Personal Finance

Here’s How Much the U.S. Spent on Stimulus Compared to Other Countries

Diverse crowd of people all holding American flags.

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Stimulus costs were higher for some countries than others.


Key points

  • The U.S. was topped only by Singapore in stimulus spending.
  • Some countries weren’t forced to spend as much because of robust social safety nets.

Given that the U.S. has the largest economy in the world, the fact that it invested 27% of its gross domestic product (GDP) on stimulus may come as no surprise. But how does that compare with other countries? How much did other industrialized countries lay out to keep their economies afloat during the global pandemic?

Stimulus spending by industrialized countries

The following table shows the percentage of GDP these 10 countries have spent on economic stimulus since the beginning of the COVID-19 pandemic, according to TaxFoundation.org:

Country

Percent of GDP Spent

Singapore

29%

United States

27%

Slovenia

25%

Latvia

25%

Lithuania

23%

Sweden

23%

Finland

21%

Netherlands

21%

Germany

20%

Luxembourg

20%

Data source: TaxFoundation.org

Social safety nets

One possible reason that other countries spent less than the U.S is that most of these nations had generous social safety nets in place prior to COVID-19. On the contrary, as the pandemic unfolded, it became apparent how many Americans needed social support. It was only after COVID-19 filled hospitals and shuttered businesses that the government began to provide stimulus checks, eviction moratoriums, extended unemployment benefits, a boosted Child Tax Credit, and other short-term programs.

The fallout

As mentioned, studies show the U.S. near the top of the list when it comes to stimulus spending. However, that may be because the U.S. normally spends such a small portion of its GDP on social programs.

To better understand how social safety nets may have saved other countries money during the COVID-19 crisis, we looked at a Cuny School of Labor and Urban Studies report, released six months before the spread of COVID-19. Here’s what we found.

Senior citizens

In America., 22.9% of all senior citizens, aged 65 and older, live in poverty. In Denmark and the Netherlands, the poverty rate for seniors is 3.1%. In Germany, the rate is 9.6%. Because so many seniors do without in the U.S., life became even more difficult as shortages occurred and area businesses closed.

Another indicator of how tough it can be to get by as a senior in the U.S. is the number of Americans still working after age 65. While 19% of American seniors aged 65 and older work, only 3% of French seniors and 7% of Germans, Danes, and Dutch continue to work into their late-60s.

Citizens of those countries were somewhat insulated from the harsh financial fallout of the global pandemic by the social safety nets put in place by their governments. Therefore, those governments did not need to spend as much when COVID-19 hit their shores.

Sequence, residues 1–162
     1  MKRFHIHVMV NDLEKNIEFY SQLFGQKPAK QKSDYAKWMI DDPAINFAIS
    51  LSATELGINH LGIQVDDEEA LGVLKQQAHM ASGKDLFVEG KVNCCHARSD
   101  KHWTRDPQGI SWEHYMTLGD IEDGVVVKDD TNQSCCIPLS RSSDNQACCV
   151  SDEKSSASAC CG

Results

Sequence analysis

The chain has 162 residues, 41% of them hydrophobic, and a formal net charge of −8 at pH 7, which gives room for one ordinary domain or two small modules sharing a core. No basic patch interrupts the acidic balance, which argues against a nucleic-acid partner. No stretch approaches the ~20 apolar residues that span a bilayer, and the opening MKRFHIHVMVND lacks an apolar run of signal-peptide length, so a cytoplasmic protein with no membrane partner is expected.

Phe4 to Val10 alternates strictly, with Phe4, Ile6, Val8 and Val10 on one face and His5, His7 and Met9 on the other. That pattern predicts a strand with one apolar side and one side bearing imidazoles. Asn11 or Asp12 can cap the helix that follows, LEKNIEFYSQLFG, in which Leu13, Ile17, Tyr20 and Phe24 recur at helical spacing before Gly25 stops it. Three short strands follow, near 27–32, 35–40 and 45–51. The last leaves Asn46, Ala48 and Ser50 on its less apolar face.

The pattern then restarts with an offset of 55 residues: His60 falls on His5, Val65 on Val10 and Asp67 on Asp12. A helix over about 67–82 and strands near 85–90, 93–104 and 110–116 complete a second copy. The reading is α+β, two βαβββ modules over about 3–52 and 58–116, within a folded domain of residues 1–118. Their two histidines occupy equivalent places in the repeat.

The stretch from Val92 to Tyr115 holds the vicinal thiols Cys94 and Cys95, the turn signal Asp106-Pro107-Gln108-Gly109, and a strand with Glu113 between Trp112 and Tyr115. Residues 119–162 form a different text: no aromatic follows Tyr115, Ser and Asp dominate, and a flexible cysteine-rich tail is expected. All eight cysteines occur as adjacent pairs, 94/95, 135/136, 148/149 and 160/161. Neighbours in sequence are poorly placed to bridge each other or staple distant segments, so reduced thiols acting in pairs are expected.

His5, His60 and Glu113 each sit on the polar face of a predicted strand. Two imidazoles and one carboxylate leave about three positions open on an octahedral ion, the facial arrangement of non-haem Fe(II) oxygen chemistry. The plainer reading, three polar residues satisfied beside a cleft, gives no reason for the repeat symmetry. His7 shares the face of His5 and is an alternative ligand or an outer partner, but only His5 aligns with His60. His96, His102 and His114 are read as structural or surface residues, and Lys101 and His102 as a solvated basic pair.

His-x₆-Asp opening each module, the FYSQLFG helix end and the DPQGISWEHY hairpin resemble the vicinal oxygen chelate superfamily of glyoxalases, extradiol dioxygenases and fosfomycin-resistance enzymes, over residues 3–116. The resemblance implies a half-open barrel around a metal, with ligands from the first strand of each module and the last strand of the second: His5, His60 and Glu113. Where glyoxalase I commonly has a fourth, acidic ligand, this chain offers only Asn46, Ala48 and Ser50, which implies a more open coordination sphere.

Women

Some single women and working mothers may have experienced less financial hardship in other countries as well. That’s because the gender gap — the difference between what men and women earn for the same job — is smaller in most industrialized countries than in the U.S. In Denmark, for example, the gender gap is one-third of the pay gap in the U.S., giving many Danish women more money to put away in savings. Among the industrialized countries studied, only Japan has a larger wage gap.

Unemployment

There may have been plenty of partisan grumbling coming out of the U.S. Capitol regarding the boosted unemployment portion of the American Rescue Plan, but statistics show that the U.S. is not exactly raining money down on the unemployed.

Here’s a sample of how much other countries were already spending on unemployment benefits before the pandemic.

Country

Percent of GDP Spent

France

1.62%

Netherlands

1.46%

Germany

0.91%

Switzerland

0.81%

Australia

0.65%

Canada

0.62%

United States

0.19%

United Kingdom

0.17%

Japan

0.17%

Data source: Cuny School of Labor and Urban Studies

These examples may offer a better sense of how vast the social safety nets are in other countries.

  • Paid maternity leave: New German moms receive 58 weeks of paid leave, Canadian mothers receive 52 weeks, and Danish moms 50 weeks to enjoy their babies. The U.S. is one of the few countries that does not provide mothers the benefit of paid leave.
  • Unemployment: Before the COVID-19 pandemic struck, unemployed Americans could receive between $215 to $543 per week in unemployment benefits. As part of its social safety net, Germany pays a jobless benefit of 60% of previous salary for one year. France offers up to 75% of previous salary for two years.
  • While approximately 9% of Americans are currently uninsured, universal health coverage is the rule in European countries. This coverage is funded by payroll or other taxes.
  • According to PBS, the U.S. comes in 30th out of 36 Organization for Economic Co-operation and Development (OECD) countries in spending on all forms of disability.

The list goes on, from free early childhood education to basic pensions for retirees. While providing such a wide safety net can strain a country’s finances, it’s likely due to these existing programs that other countries did not have to spend a larger portion of the GDP to get through the pandemic


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